Lona Goudswaard (80)
Thursday June 12, 2014, 4:27 am
No, sorry Beth, but your answer is speculation and Prof Dajani himself didn't give it as a reason. H said it was a litmus test to see "whether the e university administration supports academic freedom and freedom of action and of expression as they claim, or not". Given what the university did for him and didn't do to him, I still don't understand his reasoning.

Beth S (330)
Thursday June 12, 2014, 10:13 am
I would venture that the vast majority of people receiving death threats -- albeit that they're common in this part of the world -- would not stay around for long. IF that was not the major factor, then it clearly had to play into it, or he would not have made the statement.

He must know, himself, that there is no real academic freedom in virtually any university where he lives. I don't see how he could have really wondered. Perhaps it is more of his statement to those outside of the university system -- to the world, perhaps, in a very public way -- that there definitively is no academic freedom there, and all of those who have argued that there was have been shown quite clearly that in academically free institutions, tenured professors do not receive death threats, mob incitement and constant harassment, and I'm sure with the blessings of the administration for something like this.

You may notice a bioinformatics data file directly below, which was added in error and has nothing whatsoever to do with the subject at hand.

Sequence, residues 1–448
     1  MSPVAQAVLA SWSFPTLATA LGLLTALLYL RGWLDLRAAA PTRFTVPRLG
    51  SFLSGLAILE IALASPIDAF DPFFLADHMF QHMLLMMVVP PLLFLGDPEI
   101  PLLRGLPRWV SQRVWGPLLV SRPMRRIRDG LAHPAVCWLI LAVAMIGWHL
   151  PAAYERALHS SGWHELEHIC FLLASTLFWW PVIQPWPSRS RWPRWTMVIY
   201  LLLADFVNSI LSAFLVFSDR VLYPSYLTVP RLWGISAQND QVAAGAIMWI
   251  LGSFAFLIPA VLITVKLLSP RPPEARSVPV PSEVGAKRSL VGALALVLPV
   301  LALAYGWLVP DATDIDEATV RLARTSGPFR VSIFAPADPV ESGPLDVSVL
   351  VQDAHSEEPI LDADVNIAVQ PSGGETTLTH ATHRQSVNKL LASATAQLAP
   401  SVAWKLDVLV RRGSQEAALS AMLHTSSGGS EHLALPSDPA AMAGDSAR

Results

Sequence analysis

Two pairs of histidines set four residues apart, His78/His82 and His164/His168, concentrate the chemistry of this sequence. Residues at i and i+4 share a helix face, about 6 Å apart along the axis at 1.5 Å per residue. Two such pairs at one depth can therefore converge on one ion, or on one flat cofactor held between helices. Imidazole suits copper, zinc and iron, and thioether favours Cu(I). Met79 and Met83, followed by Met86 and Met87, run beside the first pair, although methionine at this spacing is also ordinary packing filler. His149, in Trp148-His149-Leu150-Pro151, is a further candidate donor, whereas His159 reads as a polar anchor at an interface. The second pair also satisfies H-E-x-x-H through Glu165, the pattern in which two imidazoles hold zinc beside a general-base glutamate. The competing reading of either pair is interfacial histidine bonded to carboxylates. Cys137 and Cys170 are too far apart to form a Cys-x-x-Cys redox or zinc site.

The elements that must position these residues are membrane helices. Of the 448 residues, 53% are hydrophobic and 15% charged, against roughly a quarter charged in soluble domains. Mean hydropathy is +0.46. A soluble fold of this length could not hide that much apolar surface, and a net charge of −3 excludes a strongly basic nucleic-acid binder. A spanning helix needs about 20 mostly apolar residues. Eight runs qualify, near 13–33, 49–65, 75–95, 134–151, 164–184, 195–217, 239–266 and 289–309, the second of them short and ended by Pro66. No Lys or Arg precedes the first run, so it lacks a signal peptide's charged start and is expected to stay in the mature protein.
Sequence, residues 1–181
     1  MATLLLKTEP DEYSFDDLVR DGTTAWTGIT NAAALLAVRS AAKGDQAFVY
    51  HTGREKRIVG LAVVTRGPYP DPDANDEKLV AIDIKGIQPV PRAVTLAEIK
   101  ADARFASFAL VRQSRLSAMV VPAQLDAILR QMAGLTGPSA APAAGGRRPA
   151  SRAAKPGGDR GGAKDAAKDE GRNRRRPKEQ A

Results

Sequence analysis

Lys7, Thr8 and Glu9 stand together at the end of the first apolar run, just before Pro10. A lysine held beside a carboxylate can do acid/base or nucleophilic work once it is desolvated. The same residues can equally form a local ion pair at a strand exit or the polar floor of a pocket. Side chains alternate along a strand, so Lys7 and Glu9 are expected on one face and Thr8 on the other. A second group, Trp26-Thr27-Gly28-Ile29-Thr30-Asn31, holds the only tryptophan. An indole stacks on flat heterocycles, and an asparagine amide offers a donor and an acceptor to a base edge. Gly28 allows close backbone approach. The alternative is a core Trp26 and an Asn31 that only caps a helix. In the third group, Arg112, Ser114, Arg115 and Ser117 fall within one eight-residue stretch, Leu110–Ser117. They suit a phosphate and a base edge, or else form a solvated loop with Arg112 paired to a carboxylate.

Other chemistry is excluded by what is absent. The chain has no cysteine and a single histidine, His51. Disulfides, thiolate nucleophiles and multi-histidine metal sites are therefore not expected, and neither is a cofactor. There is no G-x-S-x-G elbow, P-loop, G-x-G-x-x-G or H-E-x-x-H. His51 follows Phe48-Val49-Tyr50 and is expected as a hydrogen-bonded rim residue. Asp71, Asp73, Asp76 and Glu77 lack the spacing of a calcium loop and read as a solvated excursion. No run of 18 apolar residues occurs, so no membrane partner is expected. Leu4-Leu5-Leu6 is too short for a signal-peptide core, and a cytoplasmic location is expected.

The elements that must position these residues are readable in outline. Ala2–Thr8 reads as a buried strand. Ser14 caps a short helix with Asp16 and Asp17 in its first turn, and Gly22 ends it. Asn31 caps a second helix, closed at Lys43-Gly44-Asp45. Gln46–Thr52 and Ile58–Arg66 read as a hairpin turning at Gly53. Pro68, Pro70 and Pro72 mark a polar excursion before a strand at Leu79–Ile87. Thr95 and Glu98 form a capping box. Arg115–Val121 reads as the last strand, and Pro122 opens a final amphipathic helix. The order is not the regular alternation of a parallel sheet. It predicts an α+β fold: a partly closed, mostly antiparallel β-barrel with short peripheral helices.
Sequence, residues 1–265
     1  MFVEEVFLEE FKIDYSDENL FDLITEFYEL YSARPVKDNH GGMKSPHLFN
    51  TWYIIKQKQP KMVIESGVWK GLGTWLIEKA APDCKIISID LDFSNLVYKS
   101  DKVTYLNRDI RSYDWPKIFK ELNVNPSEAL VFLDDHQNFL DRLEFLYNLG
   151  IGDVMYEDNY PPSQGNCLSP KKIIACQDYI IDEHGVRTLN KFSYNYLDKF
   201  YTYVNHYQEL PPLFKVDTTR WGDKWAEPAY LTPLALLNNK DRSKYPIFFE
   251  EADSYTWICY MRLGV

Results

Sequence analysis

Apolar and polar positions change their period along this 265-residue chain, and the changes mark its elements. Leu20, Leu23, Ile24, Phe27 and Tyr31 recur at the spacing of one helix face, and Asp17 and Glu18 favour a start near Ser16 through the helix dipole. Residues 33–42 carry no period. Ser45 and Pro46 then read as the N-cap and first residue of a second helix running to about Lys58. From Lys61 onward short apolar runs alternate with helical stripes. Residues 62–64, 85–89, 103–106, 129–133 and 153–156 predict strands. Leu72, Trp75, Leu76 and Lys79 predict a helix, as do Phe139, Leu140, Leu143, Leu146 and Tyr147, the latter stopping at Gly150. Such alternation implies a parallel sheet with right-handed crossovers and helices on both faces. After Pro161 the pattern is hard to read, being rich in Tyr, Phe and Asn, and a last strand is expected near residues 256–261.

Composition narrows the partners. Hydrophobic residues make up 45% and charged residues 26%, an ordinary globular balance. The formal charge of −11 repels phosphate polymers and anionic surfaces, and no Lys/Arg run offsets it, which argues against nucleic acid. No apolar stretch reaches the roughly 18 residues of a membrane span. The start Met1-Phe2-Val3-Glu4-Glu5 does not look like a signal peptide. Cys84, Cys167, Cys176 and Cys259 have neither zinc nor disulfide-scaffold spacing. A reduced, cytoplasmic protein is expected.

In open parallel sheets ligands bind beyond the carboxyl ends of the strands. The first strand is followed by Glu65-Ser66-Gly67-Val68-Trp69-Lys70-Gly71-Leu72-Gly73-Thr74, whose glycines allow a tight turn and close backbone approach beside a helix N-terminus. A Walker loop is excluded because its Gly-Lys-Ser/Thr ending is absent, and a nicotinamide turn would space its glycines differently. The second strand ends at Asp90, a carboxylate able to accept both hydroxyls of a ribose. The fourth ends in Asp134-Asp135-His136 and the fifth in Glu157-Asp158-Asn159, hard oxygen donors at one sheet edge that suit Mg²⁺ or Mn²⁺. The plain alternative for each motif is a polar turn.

It appears to me that he MAY actually be making a statement far deeper than whether this or other Palestinian universities have true academic freedom, but MAY be making sending a non-verbal signal that challenges Palestinians at their core, that the Palestinian mindset has become what many of us have known for a long time: psychopathic, indifferent to the suffering of others, unable to separate out truth from revision, puerile, emotionally stunted human beings, as the world has rewarded them handsomely for this behavior.

Alvin King (2)
Thursday June 12, 2014, 10:44 am

Bruce C D (89)
Thursday June 12, 2014, 1:16 pm
Beth, you're contradicting yourself in your response and you're not answering the arguments by denying and trying to cover up the truth. Denials, lies, partial truths, slinging more mud to obfuscate--all are typical hasbara disingenuous tactics.